The poems in the collection are richly varied in length and form. “Whistle,” one of the most powerful poems, captures the insidiousness of hateful dog whistles in a mere three lines. In “July 4,” Shimshon-Santo creates magic and sound on the page with white space and onomatopoeia. She electrifies with found poems, such as “Shades of White,” which she wrote after the January 6th insurrection. It lists “the actual tones of white paint currently sold in the US,” adding only one word: “seditious.” Shimshon-Santo visits ghosts in her work—those of her ancestors and her family’s past. Her ancestors’ experiences, as well as her own, inform her dreams of a better future. As a mother and a teacher, Shimshon-Santo says, “hope is her profession and responsibility.”
While loss plays a large role in this collection, Shimshon-Santo’s hope is expressed in the importance she places on community and on the possibilities for transformation. The collection’s title also reflects the critical role that community plays in change. Catastrophic molting is a scientific term but, in the case of this collection, it serves as metaphor as well. Shimshon-Santo explains the science: “Catastrophic molting is the collective ritual of loss and regeneration experienced by sea elephants (Mirounga angustirostris) along the California coast. While molting, the Mirounga rest together on the shore and fast to preserve their energy. Collective resting provides social protection during times when they are most vulnerable. Only through these periods of dramatic change can they grow sleek new coats.”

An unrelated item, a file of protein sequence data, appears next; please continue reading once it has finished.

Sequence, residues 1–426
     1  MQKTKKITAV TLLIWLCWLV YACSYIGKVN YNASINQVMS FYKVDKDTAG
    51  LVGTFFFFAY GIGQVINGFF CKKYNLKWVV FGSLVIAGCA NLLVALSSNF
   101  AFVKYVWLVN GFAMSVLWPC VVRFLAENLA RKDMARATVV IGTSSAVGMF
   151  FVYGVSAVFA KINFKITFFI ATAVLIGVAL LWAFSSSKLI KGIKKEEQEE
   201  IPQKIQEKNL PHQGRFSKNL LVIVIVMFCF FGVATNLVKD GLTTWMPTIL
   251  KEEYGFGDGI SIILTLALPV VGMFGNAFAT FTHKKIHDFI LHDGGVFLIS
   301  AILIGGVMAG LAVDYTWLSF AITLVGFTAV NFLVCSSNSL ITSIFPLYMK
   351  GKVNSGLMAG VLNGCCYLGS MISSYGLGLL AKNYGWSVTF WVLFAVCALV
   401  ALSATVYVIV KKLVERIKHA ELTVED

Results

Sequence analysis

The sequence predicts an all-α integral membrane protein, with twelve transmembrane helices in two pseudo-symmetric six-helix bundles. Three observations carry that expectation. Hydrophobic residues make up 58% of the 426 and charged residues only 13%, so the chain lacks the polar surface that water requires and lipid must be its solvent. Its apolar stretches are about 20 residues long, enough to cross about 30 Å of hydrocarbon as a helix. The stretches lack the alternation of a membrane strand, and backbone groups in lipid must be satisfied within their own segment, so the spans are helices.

Her poems build on the metaphor. While Shimshon-Santo documents how we have been stripped of our skin, she ends the collection with the deep knowledge that now, through social action, we can grow new fur. The titular poem “Catastrophic Molting” asks us to imagine a world where we are not constantly engaged in a struggle to push forward, meet expectations. What would happen, she wonders, if we believed the world was working for us, that we were all connected and could walk together with that understanding? “What if we were a part of a whole/that loved us without ceasing?”
“New Moon in Cancer,” the next poem, challenges us to take those very steps, to dream of a world that is “on our side.” Shimshon-Santo encourages us to breathe and be mindful. She reminds us that our bodies contain all the knowledge we need to join together and create change.
The last poem, “Our Foremothers Greet the Unborn,” is a hopeful meditation, a vision, and a nod to the great power of women. We can and we must “move along the fractures” and heal our world for ourselves and for the children. Shimshon-Santo’s collection comes full circle. What started with a mighty “declaration” of womanly strength and wisdom ends on a softer but no less formidable charge.
Catastrophic Molting is not an easy read. This is not because the poems are inaccessible; they are, in fact, both brilliant and incredibly approachable. Yet each is chock-full of emotion that will move the ground beneath your feet. The voice is a mother’s voice. It is also of the earth and the body—a woman’s body, a mother’s body. Shimshon-Santo looks at the world through a mother’s lens, one that cries out for her own children but also for the children of others, current, future, and past—and challenges us all to do the same.